Or, maybe today’s post is not for you at all. Maybe you’re one who realized in August that “OMG IT’S AUGUST! ROUND 1 IS COMING!” and while it would’ve been better to have that realization in June, it’s still a valuable realization to have had then. And you got cranking on some essays, and maybe you sent them in to EssaySnark who said, “Nope, this ain’t it,” and you cried, and pouted, and cursed at us for awhile. And then you got to work. And when we saw your next drafts and said, “Huzzah! Yes! You’ve done it!” then you wrote back something like this that a real-life Brave Supplicant shared recently:
I am glad you like Essay A. After reading your initial comments, I realized [something specific to their Stanford essay topic]. Your advice allowed me to be authentic. Now I understood what it means to be authentic. It was a valuable lesson if it were not for Stanford application.
This process of introspection and digging deep really is not that much fun when you start. But when you get into it, and you keep digging, then often it becomes…. almost exciting. There’s something magical that happens when the pieces click together and you start to understand. When that magic happens, it’s vivid and visceral and very much detectable on the page of your essay.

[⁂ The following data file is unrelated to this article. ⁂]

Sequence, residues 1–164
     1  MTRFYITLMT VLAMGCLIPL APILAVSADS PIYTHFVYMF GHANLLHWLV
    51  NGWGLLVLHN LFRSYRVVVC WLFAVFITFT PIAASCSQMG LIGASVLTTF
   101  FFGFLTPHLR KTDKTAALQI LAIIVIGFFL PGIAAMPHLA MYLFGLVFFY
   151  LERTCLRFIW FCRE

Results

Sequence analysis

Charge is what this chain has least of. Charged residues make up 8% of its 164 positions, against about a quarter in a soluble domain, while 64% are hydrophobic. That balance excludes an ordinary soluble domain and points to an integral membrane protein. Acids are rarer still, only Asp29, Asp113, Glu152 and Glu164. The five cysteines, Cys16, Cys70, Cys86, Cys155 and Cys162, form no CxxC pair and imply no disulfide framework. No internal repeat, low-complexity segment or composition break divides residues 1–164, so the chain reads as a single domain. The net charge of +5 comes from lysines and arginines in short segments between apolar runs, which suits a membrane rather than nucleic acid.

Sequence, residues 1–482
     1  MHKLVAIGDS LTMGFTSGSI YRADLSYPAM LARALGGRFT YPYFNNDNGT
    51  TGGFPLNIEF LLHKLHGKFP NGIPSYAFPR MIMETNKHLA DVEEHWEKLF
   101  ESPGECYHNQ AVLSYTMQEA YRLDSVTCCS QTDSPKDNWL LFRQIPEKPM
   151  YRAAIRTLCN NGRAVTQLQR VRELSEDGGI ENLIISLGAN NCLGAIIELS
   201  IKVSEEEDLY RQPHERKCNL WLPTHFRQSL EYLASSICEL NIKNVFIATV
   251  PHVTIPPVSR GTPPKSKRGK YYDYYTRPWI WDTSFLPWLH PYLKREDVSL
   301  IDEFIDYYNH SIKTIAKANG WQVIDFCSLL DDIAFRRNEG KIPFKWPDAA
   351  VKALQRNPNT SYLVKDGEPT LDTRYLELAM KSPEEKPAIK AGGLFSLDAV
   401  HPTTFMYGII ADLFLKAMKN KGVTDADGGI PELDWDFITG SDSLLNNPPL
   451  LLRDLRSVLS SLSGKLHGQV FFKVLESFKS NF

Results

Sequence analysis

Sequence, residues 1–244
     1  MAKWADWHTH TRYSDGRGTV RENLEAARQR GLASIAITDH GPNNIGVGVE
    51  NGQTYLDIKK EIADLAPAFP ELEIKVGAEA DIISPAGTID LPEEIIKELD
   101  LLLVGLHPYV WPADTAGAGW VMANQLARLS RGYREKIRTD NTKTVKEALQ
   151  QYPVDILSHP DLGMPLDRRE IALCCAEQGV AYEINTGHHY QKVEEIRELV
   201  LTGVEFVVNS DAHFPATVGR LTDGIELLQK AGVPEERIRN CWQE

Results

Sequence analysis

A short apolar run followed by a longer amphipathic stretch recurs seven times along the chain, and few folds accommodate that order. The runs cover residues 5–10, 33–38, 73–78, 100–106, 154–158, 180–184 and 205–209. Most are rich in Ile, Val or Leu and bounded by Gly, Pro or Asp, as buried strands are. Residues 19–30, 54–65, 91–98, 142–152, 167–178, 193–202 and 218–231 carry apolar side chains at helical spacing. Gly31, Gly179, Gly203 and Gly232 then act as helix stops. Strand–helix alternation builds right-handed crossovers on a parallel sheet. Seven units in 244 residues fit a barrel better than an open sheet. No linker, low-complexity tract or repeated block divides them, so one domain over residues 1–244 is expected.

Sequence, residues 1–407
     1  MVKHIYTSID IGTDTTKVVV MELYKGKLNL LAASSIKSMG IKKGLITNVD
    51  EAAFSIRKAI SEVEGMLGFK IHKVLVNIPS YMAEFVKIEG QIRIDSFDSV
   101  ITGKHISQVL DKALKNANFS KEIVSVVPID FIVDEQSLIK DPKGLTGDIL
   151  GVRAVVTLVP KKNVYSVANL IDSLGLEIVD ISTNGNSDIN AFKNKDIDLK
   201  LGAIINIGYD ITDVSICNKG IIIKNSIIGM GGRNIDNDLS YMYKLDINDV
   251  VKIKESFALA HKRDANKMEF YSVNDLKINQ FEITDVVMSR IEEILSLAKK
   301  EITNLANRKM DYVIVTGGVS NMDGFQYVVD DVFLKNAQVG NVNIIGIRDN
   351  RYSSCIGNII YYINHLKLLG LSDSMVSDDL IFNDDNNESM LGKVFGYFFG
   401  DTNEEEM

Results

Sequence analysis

Maybe you can get there in a furious mad-dash of writing tonight.
Or maybe this post inspires you to step back and decide that yes, you can do this introspection thing, and you’re willing to roll up your sleeves and put in the time, and you know that Round 1 is useful but a stronger app in Round 2 is way better. And you start to work on that Round 2 application NOW and you keep working on it every day from today until it’s finished. And maybe that’s in two or three weeks, and you’ll have that app ready to roll in October. Or maybe it’s still not ready until almost the actual deadline in January. But you work it constantly, refining and thinking and being willing to throw it all away again and start over if necessary.
You decide to show up.
That can happen now, or next week, or not at all. But if you’re serious about schools like the Stanford GSB, it’s almost a 100% rule that it’ll have to happen at some point, if you’re gunna develop the quality of materials that the adcom will say yes to.
*Like, not literally. Your Stanford Essay A need not be about some kind of fraught emotional or distressing topic. But it needs to RESONATE. It needs to be real. Maybe we shoulda said that it has to be showing some touchyrealz.
Seems like we’re writing a lot about Stanford just lately. (Even those posts weren’t explicitly about Stanford — yeah, they’re about Stanford.) It’s because the Stanford essays are so hard! If you’re trying for Stanford, then first step is to pick up our Stanford Essay Guide. Because we go into a lot more stuff there…
Authenticity is just a concept. You can’t see it. You can’t touch it. It’s not like a question on the GMAT, where there’s only one correct answer and you can find out if you did it right (or at least, on a practice exam you will find out). Because it’s a concept, authenticity is not…